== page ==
action and adventure

WTM 2010 - Stand EM800
Turkish Culture and Tourism Office UK, November 8-11 2010
 Istanbul is the only city in the world located on two continents, Europe and Asia. In its
thousands of years of history, it has been the capital of three great empires – Roman, Byzantine
and Ottoman.
 Two of the Seven Wonders of the Ancient World stood in what is now Turkey – the Temple of
Artemis at Ephesus and the Mausoleum of Halicarnassus in Bodrum.
 The Turks introduced coffee to Europe.
 The first coins ever minted were done so at Sardis, the capital of the ancient kingdom of Lycia,
at the end of the 7th century BC.
 The word ‘turquoise’ comes from ‘Turk’ meaning Turkish, and was derived from the beautiful
colour of the Mediterranean Sea on the southern Turkish coast.
 The Turks first gave the Dutch their famous tulips that started the craze for the flower in
England and the Netherlands. Bulbs brought to Vienna from Istanbul in the 1500s were so
immensely popular that by 1634 it was called ‘tulipmania’ in Holland. People invested money in
tulips as they do in stocks today. This period of elegance and amusement in 17th-century Turkey
is referred to as ‘The Tulip Age.’
 Many important events surrounding the birth of Christianity occurred in Turkey. St John, St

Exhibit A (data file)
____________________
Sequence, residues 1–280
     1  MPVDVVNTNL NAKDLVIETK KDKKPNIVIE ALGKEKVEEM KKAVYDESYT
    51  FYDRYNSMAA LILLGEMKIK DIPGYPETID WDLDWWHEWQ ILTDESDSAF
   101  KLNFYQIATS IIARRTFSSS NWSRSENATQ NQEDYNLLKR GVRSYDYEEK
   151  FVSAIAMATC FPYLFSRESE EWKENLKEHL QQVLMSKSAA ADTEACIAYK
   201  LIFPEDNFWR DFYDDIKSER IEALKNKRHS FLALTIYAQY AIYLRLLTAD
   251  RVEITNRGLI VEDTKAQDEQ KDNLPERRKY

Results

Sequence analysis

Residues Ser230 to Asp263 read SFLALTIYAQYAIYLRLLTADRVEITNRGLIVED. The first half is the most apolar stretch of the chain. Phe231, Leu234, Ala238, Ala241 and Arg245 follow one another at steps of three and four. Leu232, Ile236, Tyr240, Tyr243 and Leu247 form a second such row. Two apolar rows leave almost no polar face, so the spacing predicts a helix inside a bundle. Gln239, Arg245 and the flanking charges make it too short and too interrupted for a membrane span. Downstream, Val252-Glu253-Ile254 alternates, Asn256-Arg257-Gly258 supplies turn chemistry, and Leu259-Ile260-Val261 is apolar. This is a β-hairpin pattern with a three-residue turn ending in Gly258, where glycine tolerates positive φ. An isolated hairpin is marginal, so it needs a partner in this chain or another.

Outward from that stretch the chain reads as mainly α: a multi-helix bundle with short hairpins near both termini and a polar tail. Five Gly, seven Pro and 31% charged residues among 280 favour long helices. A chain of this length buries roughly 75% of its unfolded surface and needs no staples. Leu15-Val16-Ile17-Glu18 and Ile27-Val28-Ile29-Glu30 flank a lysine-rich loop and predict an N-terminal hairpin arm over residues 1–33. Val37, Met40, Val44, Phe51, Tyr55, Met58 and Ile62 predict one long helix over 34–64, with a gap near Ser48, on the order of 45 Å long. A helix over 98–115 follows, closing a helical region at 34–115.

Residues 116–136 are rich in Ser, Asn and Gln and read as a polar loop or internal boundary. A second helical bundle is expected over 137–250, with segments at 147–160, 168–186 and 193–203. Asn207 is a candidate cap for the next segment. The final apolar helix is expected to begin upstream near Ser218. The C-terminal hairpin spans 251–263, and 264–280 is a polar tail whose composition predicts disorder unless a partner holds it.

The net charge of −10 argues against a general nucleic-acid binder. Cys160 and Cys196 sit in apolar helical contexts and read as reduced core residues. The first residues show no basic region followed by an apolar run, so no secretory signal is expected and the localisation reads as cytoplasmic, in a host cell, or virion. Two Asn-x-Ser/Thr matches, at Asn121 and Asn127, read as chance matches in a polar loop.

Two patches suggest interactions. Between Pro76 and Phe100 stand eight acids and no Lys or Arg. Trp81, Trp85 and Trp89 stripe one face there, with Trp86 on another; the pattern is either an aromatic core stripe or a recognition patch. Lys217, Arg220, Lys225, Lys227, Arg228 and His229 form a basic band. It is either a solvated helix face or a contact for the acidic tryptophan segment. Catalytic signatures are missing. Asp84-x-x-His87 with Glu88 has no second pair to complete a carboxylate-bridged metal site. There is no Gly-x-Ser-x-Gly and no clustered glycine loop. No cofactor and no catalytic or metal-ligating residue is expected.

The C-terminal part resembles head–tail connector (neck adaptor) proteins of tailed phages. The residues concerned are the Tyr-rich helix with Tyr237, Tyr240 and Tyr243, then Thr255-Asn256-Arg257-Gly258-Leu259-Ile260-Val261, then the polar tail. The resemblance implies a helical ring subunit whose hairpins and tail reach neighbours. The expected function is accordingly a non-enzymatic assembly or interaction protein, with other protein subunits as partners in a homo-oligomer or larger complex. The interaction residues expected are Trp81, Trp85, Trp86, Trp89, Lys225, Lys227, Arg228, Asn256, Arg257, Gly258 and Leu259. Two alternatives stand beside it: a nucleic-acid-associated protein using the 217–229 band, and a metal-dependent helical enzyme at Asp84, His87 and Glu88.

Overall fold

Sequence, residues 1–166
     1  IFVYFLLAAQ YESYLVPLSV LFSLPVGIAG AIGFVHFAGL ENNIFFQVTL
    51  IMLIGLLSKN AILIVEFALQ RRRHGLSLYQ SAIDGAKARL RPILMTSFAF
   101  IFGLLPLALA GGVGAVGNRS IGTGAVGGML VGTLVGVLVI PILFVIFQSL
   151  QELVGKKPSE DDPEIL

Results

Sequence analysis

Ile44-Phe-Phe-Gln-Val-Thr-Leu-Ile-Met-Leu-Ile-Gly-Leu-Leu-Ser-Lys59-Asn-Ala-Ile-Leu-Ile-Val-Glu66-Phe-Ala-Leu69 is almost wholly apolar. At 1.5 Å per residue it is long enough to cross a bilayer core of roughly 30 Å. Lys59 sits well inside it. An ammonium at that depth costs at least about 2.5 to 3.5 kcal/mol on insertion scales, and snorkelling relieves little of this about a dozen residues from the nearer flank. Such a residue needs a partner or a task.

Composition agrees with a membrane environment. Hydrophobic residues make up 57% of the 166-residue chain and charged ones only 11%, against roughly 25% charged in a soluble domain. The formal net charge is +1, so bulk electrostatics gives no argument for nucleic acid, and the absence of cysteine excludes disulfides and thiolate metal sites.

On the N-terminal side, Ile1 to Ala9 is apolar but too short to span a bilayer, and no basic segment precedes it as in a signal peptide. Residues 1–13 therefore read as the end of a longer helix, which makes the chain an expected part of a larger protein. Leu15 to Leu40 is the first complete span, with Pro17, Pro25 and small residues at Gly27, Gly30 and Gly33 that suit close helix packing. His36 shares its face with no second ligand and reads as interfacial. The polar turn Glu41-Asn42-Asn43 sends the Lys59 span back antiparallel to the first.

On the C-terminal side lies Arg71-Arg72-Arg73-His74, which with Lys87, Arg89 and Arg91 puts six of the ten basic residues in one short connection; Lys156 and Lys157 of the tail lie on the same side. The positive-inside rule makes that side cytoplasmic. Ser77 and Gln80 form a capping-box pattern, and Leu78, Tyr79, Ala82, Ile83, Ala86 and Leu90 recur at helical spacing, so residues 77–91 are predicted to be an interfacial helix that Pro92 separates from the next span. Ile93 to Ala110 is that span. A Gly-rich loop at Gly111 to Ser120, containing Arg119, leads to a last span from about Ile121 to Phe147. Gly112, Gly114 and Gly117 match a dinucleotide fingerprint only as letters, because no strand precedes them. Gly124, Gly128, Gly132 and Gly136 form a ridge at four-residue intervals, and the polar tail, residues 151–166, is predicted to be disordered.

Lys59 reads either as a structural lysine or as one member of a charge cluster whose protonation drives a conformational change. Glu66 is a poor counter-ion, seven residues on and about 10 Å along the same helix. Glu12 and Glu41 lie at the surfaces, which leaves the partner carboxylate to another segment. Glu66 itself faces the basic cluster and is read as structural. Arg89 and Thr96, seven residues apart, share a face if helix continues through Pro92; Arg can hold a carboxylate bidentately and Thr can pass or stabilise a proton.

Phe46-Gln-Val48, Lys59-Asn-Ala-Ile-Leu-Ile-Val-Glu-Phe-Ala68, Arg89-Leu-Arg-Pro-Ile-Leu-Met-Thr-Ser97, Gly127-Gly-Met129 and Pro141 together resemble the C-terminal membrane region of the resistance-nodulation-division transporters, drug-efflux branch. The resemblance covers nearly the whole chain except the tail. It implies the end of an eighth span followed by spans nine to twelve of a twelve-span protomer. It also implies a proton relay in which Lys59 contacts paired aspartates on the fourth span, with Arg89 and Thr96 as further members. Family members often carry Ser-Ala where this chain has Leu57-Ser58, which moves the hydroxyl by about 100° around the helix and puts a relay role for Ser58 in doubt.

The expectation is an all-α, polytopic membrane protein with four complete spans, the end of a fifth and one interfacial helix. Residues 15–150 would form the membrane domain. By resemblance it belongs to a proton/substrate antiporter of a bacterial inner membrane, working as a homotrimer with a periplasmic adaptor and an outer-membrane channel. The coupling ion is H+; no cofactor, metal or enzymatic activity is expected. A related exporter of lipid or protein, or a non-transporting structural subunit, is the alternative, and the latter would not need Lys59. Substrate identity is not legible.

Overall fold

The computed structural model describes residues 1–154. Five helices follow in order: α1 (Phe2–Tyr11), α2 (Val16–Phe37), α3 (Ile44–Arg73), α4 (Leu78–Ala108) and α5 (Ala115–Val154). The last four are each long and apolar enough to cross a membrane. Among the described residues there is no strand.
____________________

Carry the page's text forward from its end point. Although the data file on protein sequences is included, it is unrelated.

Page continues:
Paul and St Peter all lived and prayed in Southern Anatolia. Tradition has it that St John
brought the Virgin Mary to Ephesus after the Crucifixion, where she spent her last days in a
small stone house (Meryemana Evi) on what is now Bulbuldagı (Mount Koressos). It remains a
popular pilgrimage site for Christians to this day.
 The seven churches mentioned in the Book of Revelation are all found in Turkey: Ephesus,
Smyrna, Pergamum, Thyatira, Sardis, Philadelphia and Laodicea.
 St Nicholas, or Santa Claus as he is know today, was born and lived in Demre (Myra) on
Turkey's Mediterranean coast. The village contains the famous Church of St Nicholas with the
sarcophagus believed to be his tomb.
 Julius Caesar uttered the famous words "Veni, vidi, Vici" (I came, I saw, I conquered) after the
Battle of Zela, in today's Zile at Tokat near the central Black Sea coast.
 The first man ever to fly was Turkish. Using two wings, Hezarfen Ahmet Celebi flew from the
Galata Tower over the Bosphorus to land in Uskudar in the 17th century.
Turkish Culture and Tourism office, London, UK
For further press information, please contact Redmint Communications:
Evin Mete / Hulya Soylu • T: +44 (0)20 7745 7255 • E: [email protected]